The Hulk has arrived and with him comes the first real action blockbuster of the summer. Yeah sure Iron Man made some big waves, but it was short on bone aching action and heavy on sleep inducing backstory. Director Louis Leterrier and screenwriter Zak Penn make the assumption you know who the Hulk is, how he came about and what the circumstances are surrounding him, so they’ve decided to skip all the fluff. Say hello to The Incredible Hulk.
It all starts innocently enough with Bruce Banner (Edward Norton) laying low in Brazil, counting off 158 days without incident. That changes in an instant however, when General Thaddeus ‘Thunderbolt’ Ross (William Hurt) and his crack team of commandos, led by Emil Blonsky (Tim Roth), come knocking his door down. Turns out, Banner has been trying to cure himself while running from Ross, since he found out Ross wants his gamma-infused blood to create an army of super soldiers. Super soldier is on the mind of Blonsky too; once he sees how powerful Banner becomes, he sets off down a path that he has no hope to return from (although it leads to a fanboys wet dream).
With that out of the way, it’s time to dive into the action and effects. I’m more than happy to say, The Incredible Hulk doesn’t suffer from the same cartoony looks that plagued Ang Lee’s attempt. You can of course, still look at the Hulk and know he’s computer generated but he looks so much more life like now. He’s sinewy and ripped beyond belief – I wish I had the same striations running across my pecs as he now enjoys. The real treat is watching him interact with his surroundings though. He crushes cars like tin cans, tears through the skins of buildings as he scales his way upward and reacts believably, albeit unpleasantly, to the various weaponry being fired upon him. Even the caring way he rubs the cheek of his love Betty Ross (Liv Tyler) is well thought out.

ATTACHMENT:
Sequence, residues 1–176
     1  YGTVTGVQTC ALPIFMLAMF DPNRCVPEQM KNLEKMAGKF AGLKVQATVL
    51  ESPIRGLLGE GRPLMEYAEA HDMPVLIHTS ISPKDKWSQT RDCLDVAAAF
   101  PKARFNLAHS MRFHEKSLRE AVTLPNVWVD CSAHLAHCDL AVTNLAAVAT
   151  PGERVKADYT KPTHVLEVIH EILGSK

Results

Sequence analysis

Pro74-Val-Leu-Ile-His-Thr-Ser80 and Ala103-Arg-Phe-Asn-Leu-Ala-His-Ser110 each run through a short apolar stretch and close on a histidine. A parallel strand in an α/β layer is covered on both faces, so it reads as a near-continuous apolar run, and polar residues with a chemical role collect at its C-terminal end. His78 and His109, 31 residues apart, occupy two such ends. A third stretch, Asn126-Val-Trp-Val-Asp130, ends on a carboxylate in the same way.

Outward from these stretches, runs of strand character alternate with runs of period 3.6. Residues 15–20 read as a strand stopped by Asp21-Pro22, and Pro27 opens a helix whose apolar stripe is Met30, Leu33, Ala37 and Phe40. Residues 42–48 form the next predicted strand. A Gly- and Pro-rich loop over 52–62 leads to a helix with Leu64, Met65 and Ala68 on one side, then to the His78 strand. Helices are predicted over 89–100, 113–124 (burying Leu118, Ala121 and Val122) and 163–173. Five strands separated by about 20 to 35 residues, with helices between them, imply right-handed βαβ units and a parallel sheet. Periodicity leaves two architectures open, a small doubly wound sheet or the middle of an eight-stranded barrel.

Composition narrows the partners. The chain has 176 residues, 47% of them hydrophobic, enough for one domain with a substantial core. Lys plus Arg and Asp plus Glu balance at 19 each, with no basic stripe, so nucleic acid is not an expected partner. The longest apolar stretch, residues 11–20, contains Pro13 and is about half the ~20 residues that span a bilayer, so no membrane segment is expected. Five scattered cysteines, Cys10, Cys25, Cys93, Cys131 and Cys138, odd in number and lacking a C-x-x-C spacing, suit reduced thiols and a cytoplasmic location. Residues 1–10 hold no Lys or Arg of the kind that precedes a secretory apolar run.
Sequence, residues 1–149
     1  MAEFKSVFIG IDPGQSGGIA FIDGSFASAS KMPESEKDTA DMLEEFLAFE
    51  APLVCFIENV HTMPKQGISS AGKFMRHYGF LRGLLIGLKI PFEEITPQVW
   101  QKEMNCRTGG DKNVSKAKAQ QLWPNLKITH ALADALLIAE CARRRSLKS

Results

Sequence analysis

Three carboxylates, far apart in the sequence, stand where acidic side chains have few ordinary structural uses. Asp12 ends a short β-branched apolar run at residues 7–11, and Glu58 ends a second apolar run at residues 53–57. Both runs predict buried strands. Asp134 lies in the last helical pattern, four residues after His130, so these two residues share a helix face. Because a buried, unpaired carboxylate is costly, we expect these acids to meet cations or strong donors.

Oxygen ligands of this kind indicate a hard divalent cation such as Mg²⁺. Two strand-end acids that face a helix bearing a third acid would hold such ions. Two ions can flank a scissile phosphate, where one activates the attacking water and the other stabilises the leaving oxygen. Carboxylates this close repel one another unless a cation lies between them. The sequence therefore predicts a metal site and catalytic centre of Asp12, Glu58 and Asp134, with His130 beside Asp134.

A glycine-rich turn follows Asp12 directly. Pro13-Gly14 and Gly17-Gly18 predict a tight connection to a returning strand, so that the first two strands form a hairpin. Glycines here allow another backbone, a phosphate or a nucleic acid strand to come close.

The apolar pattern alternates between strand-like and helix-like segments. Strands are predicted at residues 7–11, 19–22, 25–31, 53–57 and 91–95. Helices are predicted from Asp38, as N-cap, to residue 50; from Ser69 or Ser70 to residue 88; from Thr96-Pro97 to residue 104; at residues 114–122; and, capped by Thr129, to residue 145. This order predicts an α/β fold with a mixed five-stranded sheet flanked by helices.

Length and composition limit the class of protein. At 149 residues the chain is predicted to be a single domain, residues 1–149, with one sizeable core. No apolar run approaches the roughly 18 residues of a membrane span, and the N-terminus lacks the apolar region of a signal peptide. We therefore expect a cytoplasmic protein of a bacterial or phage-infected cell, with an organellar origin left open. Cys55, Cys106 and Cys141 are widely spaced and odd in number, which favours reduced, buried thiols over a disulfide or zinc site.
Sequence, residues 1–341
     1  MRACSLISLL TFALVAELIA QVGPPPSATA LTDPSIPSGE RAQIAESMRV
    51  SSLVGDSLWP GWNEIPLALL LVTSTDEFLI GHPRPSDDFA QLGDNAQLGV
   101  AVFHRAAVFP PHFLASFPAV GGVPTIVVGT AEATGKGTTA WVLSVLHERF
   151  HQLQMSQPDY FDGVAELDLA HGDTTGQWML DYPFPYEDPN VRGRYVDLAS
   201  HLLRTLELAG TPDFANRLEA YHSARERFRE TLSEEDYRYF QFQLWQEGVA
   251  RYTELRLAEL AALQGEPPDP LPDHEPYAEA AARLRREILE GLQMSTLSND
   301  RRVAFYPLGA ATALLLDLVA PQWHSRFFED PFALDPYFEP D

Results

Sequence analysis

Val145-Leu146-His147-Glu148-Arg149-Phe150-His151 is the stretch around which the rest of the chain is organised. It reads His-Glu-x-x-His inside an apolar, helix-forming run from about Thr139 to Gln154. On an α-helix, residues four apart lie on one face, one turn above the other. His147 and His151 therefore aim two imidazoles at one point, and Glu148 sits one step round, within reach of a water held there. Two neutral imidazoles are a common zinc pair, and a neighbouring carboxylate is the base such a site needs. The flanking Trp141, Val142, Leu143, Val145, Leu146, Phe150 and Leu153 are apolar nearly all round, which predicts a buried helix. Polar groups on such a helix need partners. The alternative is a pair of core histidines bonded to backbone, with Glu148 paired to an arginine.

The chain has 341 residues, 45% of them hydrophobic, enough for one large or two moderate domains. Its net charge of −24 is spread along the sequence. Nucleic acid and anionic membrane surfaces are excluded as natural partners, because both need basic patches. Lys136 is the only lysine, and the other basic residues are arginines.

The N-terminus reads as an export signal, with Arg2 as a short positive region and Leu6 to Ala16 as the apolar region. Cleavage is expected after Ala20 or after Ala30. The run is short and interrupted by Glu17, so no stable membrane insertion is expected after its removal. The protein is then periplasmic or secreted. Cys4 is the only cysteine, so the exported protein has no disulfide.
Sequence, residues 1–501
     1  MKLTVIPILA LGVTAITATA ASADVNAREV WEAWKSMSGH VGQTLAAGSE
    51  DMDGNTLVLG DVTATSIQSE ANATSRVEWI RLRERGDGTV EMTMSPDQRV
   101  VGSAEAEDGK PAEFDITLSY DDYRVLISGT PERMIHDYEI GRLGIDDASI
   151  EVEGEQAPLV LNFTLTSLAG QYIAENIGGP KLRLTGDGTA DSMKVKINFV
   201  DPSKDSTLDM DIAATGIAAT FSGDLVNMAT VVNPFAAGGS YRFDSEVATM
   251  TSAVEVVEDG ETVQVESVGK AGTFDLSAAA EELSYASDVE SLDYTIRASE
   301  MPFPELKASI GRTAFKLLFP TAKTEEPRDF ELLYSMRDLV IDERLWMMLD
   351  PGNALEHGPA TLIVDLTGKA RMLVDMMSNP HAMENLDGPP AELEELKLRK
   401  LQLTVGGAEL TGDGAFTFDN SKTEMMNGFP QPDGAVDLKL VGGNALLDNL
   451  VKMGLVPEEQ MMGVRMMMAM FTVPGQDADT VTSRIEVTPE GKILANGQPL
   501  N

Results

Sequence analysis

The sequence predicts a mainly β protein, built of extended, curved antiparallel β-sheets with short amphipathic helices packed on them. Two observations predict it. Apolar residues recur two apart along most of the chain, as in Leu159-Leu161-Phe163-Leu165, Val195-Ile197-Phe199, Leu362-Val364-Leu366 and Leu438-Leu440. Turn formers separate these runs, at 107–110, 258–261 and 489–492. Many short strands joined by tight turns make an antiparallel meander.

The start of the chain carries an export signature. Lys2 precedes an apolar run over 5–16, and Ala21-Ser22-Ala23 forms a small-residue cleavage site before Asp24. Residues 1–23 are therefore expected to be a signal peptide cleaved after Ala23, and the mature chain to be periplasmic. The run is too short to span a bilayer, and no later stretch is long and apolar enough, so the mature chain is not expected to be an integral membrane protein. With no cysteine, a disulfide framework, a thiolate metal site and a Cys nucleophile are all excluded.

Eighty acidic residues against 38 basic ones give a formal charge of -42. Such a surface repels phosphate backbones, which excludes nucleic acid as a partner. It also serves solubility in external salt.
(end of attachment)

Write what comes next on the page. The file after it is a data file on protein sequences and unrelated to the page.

Performance wise, everyone does a good job. I’m not 100% sold on Edward Norton as Bruce Banner, although it is safe to say he does the role more justice than Eric Bana did. The chemistry between Tyler and Norton seemed a bit strained and unnatural but that may be a by-product of very little back story and/or in-depth character development. William Hurt, on the other hand, really shines as he walks the razor thin line between career and country, and friends and family. He’s also damn near unrecognizable (not that that matters for anything). And who knew Tim Roth is such an ugly, ugly little man (not that that matters for anything either)? He certainly looks like he’s having the time of his life playing a character that thirsts for more and more power.
I’d also like to say, I like the fact that homage is paid to the stars of the original television series The Incredible Hulk. Bill Bixby is seen on a television screen, Lou Ferrigno (who could still play the Hulk) gets himself a little cameo and even the original music by Joseph Harnell finds a home in a the movie’s score.
The Incredible Hulk is the movie that should have been made in 2003. It took an extra five years to get there, but this version makes up for that black eye and maybe even a few lumps Marvel Comics has had to swallow from the likes of Fantastic Four: Rise of the Silver Surfer and Ghost Rider. It is good to see the big green guy get his just desserts. Very good.